Ringing Hill Fire Company Offers More than Fire Fighting Opportunities

Volunteers do not have to fight fires to volunteer at Ringing Hill Fire Company. The non-firefighting roles as auxiliary members and fire police officers are just as vital to serve the community and help the fire company run smoothly.

Fire Police Lieutenant Marc Zohe and Secretary Kim Lightcap both feel rewarded in their roles and enjoy helping the community.

“I love helping people and knowing that I’m making the scenes safe for first responders,” said Zohe. He assists the police in controlling traffic at fire calls and motor-vehicle accidents as well as directing crowds during community events.

Marc Zohe directs traffic at an emergency scene.

Zohe began volunteering as a firefighter for Boyertown Friendship Hook and Ladder Company, and after moving, switched to Phillies Fire Company in Pottstown. After moving again, he joined Ringing Hill Fire Company and has volunteered for 14 years now, nine of them with Ringing Hill.

“They always say God has your life planned out and I feel that is true,” said Zohe. “Even though I started my firefighting career in Boyertown, I am now at Ringing Hill where I have found family members and have had a large part in the growth of the company over the years.”

Zohe began volunteering as a firefighter and became Pro-Board Certified in 2010; however, shortly after, he injured his back.

“Due to health restraints from my back injury, I realized that it would be in the best interest of mine and others safety to transfer to fire police because it’s not as physically requiring,” said Zohe.

Once he switched to fire police, he attended classes on how to control traffic and close roads, which helps protect his fellow firefighters and victims as they are rescued from dangerous situations. Every call is rewarding to Zohe whether he served as a firefighter or fire police lieutenant – he is happy to protect his community of Lower Pottsgrove Township.

In addition to helping his neighbors, a large reason Zohe joined was to make friendships. “At Ringing Hill we are like one big family. We can get on each other’s nerves and play tricks on each other but in the end, we always have each other’s backs,” said Zohe.

And now, he even works with his family. He met his wife, Michelle Zohe, at Boyertown Friendship Hook and Ladder, although Michelle will say she remembers him from high school. Michelle volunteers at Ringing Hill Fire Company as an auxiliary member, and they have been married for 7 years.

Like Zohe, Lightcap also volunteers with her spouse, a main reason why she joined Ringing Hill Fire Company. She married Bud Lightcap, who currently serves as the Chief at Ringing Hill, 30 years ago and began volunteering shortly after. Her oldest son, Jake Lightcap, is the Chief at North End Fire Company and still volunteers for Ringing Hill occasionally. He also served as an Assistant Chief under his dad, Bud. Lightcap’s youngest son, Brian, volunteers on the auxiliary side and assists at community events, and her grandson may follow when he is old enough.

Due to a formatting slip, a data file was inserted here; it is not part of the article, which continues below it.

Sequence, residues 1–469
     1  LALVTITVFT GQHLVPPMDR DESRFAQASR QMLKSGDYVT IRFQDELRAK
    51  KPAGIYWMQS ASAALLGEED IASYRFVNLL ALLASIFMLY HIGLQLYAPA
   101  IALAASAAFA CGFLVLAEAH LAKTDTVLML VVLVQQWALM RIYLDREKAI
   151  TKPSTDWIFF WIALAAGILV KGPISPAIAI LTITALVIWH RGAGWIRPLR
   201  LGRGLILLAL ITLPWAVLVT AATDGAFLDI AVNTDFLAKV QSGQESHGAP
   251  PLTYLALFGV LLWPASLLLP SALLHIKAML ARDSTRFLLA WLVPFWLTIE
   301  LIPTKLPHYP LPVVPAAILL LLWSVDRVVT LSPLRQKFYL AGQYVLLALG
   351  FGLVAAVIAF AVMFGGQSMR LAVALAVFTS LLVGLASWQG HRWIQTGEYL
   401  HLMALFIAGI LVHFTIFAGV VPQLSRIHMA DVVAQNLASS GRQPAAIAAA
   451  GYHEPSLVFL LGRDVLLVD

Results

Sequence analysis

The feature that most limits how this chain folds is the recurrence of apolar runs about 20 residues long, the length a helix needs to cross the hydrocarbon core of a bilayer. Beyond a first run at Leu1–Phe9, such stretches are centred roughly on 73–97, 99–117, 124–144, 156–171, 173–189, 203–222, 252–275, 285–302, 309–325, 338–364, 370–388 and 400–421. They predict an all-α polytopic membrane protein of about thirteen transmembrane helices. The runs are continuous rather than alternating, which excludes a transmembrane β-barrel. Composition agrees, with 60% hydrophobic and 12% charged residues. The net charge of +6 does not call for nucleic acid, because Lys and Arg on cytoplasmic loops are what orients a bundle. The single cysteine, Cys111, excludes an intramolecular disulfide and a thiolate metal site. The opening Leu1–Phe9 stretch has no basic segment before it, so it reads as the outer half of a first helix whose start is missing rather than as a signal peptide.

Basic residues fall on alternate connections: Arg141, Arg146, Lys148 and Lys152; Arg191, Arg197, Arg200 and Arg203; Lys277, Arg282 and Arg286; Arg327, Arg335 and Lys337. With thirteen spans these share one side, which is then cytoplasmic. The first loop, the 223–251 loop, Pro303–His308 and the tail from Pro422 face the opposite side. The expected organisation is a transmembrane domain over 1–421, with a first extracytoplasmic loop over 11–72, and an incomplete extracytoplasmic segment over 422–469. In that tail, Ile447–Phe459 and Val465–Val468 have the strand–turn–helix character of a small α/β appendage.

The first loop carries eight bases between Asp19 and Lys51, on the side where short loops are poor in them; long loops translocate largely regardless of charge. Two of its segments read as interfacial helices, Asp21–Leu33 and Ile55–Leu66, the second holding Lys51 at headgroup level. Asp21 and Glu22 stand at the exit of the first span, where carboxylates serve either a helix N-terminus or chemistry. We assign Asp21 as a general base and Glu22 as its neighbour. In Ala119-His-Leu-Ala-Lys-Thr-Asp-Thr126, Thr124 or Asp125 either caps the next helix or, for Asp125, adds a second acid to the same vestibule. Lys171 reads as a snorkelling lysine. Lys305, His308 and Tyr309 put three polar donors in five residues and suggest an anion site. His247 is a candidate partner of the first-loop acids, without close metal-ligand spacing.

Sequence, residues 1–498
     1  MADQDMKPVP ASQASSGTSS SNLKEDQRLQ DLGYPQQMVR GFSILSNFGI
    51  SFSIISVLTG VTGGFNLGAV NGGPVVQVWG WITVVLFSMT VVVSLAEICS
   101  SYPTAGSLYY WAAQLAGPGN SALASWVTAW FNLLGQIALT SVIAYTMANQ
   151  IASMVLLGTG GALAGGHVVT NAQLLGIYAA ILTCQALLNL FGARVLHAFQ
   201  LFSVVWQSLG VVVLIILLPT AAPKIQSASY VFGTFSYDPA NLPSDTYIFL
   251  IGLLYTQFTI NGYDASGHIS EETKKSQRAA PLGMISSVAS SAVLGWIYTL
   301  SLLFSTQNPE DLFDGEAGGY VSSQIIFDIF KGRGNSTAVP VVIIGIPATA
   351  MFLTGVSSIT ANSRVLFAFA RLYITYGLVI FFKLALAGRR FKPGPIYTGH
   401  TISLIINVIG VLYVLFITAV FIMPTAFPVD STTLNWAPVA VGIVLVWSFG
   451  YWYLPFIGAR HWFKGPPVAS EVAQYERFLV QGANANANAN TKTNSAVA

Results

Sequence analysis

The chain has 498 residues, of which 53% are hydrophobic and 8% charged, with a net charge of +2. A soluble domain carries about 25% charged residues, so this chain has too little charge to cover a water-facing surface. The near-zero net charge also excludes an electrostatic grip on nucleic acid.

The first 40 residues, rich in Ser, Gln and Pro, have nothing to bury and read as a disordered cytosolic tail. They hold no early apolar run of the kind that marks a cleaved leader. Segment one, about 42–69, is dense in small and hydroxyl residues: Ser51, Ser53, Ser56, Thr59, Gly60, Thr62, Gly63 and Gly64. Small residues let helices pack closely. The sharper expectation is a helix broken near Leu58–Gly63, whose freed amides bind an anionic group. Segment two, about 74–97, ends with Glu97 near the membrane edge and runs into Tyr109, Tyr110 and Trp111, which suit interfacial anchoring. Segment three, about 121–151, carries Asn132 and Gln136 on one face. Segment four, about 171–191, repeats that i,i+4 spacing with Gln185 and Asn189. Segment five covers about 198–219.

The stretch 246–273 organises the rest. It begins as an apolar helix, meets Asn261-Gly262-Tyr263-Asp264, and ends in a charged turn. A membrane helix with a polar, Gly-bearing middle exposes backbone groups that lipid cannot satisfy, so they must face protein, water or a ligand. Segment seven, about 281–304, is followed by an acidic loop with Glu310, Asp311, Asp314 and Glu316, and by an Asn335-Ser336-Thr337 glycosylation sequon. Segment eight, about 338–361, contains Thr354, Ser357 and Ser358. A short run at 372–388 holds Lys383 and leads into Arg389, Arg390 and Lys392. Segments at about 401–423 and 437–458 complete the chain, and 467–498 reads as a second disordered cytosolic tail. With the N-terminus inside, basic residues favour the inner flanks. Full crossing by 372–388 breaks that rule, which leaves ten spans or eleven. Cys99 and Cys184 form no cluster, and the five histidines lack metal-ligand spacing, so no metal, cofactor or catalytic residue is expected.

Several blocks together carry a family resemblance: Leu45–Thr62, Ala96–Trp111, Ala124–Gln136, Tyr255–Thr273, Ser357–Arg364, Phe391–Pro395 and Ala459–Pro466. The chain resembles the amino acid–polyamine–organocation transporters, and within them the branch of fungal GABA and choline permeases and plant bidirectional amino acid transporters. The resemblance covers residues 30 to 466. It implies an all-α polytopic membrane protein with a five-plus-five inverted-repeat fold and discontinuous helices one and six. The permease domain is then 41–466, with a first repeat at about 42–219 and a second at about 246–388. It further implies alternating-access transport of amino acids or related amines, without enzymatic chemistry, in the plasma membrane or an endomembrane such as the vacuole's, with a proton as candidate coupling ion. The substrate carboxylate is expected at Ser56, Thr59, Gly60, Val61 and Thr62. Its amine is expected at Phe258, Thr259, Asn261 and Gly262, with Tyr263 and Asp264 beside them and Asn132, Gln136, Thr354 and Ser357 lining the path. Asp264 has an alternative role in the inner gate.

Lightcap has worked in many volunteer positions over the past 29 years. She originally joined as a Ladies Auxiliary member, which has since been disbanded and is now an Auxiliary for both men and women.

Kim Lightcap volunteers at a bingo fundraiser.

Currently serving on Ringing Hill’s Board as Secretary, Lightcap is in charge of writing the meeting minutes and any letters that need to be sent. She also helps organize fundraisers such as Designer Handbag Bingo, Grocery Bingo, monthly Auxiliary Bingo, the Santa Run, the Easter Egg Candy Sale and other events that bring the community together.

“The Easter eggs are my favorite fundraiser even though it’s a lot of work,” said Lightcap.

Auxiliary members make peanut butter and coconut eggs that are covered in milk or dark chocolate. After mixing the ingredients and rolling the eggs, they must be dipped in chocolate and boxed up once the chocolate is dried. This process is repeated for five weeks. “We basically live at the fire house,” Kim laughed. “But we have a great time talking and catching up.”

A lot of firefighters and fire police also help on the auxiliary side by making eggs and staffing bingo events. However, they are dedicating a lot of time to respond to calls and staff events, which are why more auxiliary volunteers are needed.

“There are not enough volunteers to staff all of the events properly and more auxiliary volunteers would be helpful,” said Lightcap.

Bingo and other fundraisers are very public facing, and in addition to interacting with the community, volunteers form lifelong friendships at Ringing Hill Fire Company.

“You gain friendships big time,” said Lightcap. “You get to meet a lot of different people at the fire company and it really is a family atmosphere. They are another family outside of your real family.”

The friendly and welcoming atmosphere at Ringing Hill is one reason why Lightcap and Zohe dedicate so much time to volunteering. During the day, they both work full-time jobs; Lightcap as a Title Clerk at a Patriot Dealership and Zohe as an A.M. Foreman for United Site Services. In their free time, they can both be found at the fire house surrounded by family and friends.

“There is something for everyone here no matter what your skills are,” said Derek Dry, Assistant Chief, and Recruitment and Retention Committee Chair. “You will become an essential part of our team as a volunteer firefighter, junior firefighter, fire police or auxiliary member.”

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